Yoga is an ancient physical and mental practice that remains popular today for its balance of strength, range of motion, and relaxation. Although it can intimidate some, yoga is gaining traction in the running community for its ability to improve mobility.
More than stretching, or even core stability, a quality yoga practice provides four vital components of efficient running:
- Spinal mobility. Yoga emphasizes spinal mobility through whole-body motions, alternating between flexion, extension, side-bending, and rotation.
- Nervous-system mobility. On top of spinal motion, yoga creates nerve mobility by adding arm and leg motions, often in functional positions emphasizing spinal neutral, just like running.
- Breath control. A fundamental concept of yoga is breathing. Breath control, or pranayama, involves disciplined breathing through the nose, only. For a full practice, yogis breathe deeply through the nose, expanding the entire ribcage and abdomen, sequencing breathing through shifting poses. Optimal breathing has numerous benefits: increased oxygen update, improved pain and discomfort tolerance, relaxation, and stress reduction.
- Pattern replication. Emphasizing spinal neutral, hip mobility, and pelvic stability, yoga poses and sequences closely mimic the natural, efficient running stride pattern.
So, besides simply stretching, a yoga practice works on the same patterns and principles of efficient running.
Types of Yoga
There are many types of yoga practices, ranging from slow movements emphasizing prolonged holds in deep positions, to fast-paced, energetic, strength- and fitness-based practices.
Runners new or experienced with yoga would benefit from a balanced, middle-of-the-road vinyasa flow practice, which involves a moderate-paced sequence of yoga poses, interconnected through arms, legs, trunk and breath. The cornerstone of this type of practice is the vinyasa flow. This is a yoga sequence which involves finding your way into a a yoga plank–or a straight-arm, push-up position:
Next you lower down, briefly hovering over the floor. This is called chaturanga:
From there, yogis transition into a spinal-extended position called upward-facing dog:
This is a critical motion in a runner yogi’s practice. A well executed upward dog should include traction: the toes are anchored down, while the arms pull the body forward and away from the feet as you arch upward. This creates a traction effect, which opens space between vertebrae, creating a maximal, balanced back stretch.
After holding the upward dog for a breath, the vinyasa finishes by transitioning into downward-facing dog. This position emphasizes straight (as possible) legs on a neutral (as possible) trunk:
The vinyasa sequence is the core of a vinyasa-type practice. It may be repeated upwards of 30 times in an hour-long practice, providing ample opportunity to stretch both the spine and leg muscles and nerves.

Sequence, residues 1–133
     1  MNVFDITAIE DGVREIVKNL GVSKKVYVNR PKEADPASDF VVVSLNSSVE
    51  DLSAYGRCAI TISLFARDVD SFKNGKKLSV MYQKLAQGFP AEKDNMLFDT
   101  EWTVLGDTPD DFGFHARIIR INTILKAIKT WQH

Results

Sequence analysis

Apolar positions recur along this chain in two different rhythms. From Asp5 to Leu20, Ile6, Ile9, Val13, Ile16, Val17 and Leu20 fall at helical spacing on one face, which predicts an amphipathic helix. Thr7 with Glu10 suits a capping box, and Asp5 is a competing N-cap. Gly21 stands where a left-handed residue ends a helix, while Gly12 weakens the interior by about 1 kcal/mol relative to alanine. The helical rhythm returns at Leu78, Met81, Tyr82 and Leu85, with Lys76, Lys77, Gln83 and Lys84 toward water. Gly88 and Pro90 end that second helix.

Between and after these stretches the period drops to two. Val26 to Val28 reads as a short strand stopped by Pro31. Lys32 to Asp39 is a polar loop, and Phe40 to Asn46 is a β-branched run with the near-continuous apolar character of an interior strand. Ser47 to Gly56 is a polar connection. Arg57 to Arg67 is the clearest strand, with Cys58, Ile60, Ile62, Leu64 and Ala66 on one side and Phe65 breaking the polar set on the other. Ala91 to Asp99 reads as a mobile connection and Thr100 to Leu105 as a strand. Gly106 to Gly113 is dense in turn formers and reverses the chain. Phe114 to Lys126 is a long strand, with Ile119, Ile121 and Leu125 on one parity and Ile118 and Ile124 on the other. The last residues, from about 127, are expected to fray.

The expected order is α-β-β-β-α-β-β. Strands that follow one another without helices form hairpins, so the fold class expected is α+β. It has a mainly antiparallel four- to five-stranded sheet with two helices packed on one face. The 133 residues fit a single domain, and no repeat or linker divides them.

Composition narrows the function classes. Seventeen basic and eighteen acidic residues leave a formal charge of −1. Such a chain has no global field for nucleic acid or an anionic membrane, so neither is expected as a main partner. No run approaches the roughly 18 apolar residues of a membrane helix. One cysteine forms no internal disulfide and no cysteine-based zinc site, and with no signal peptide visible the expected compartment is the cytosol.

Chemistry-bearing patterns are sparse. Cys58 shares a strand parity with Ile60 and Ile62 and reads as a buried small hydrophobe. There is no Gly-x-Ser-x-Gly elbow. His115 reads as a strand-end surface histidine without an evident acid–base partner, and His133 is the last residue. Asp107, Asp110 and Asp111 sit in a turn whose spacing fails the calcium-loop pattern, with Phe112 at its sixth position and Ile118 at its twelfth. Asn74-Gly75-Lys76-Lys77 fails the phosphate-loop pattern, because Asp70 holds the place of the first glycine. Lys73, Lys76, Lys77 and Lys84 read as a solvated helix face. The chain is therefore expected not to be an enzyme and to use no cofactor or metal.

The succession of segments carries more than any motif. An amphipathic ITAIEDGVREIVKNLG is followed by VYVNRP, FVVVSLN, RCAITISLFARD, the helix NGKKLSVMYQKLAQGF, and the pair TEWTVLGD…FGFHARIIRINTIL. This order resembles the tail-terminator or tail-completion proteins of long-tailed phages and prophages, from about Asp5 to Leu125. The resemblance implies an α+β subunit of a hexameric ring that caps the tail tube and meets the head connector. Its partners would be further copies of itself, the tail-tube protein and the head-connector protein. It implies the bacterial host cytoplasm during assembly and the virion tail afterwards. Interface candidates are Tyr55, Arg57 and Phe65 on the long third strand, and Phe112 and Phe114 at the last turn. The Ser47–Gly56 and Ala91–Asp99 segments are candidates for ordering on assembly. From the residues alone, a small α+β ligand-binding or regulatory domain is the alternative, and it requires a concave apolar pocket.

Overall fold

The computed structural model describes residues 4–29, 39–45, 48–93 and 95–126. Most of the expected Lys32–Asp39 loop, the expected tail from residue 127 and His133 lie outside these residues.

From there, there are several other helpful poses, emphasizing running-specific hip action:
There are several poses that emphasize trunk and pelvic mobility, which is crucial for running efficiency, but frequently stiffened with long runs or heavy mileage:
The side-angle pose represents a great example of a pose that promotes both flexibility–of the trunk, pelvis, and arms–as well as strength, as the hips and shoulders must work hard to hold this position.
Then, of course, if you ever get tired, a child’s pose is a great way to regain breath control, as well as get a flexion stretch–also aided by traction from the arms, which are anchored in front:
During an hour-long, balanced, vinyasa flow class, you might engage in strenuous poses and flow sequences for roughly half of that time. Other components of the yoga practice include:
- Back-bends. The bridge pose the classic back bend, which promotes hip and back strength.
- Inversions. Examples include shoulder stands, headstands, and even handstands.
- Passive, prolonged stretches. These more conventional stretches typically target the trunk, hips, and hamstrings that most runners are accustomed to stretching. These stretches are much more effective at the end of a progressive yoga practice, as the body is warm and the tissues are more mobile, but not significantly fatigued.
Q&A with a Runner Yogi
My own yoga practice began three years ago, just a week after the 2012 Western States 100. I was extremely stiff and sore, and looking for an activity to get me moving, yet still be restful. Yoga fit that bill, perfectly, and the more I explored yoga, the more I realized the similarities and benefits to running.
Recently, I’ve been practicing at Mudra Yoga, a Eugene, Oregon studio that caters to a variety of different backgrounds and interests. I find their classes and instruction to be a perfect balance for runner’s needs. Studio owner and lead instructor Heather Nelson is a runner herself and she tailors many of her classes toward the local running community. I asked her a few questions about yoga and running:
iRunFar: Why should runners engage in a yoga practice?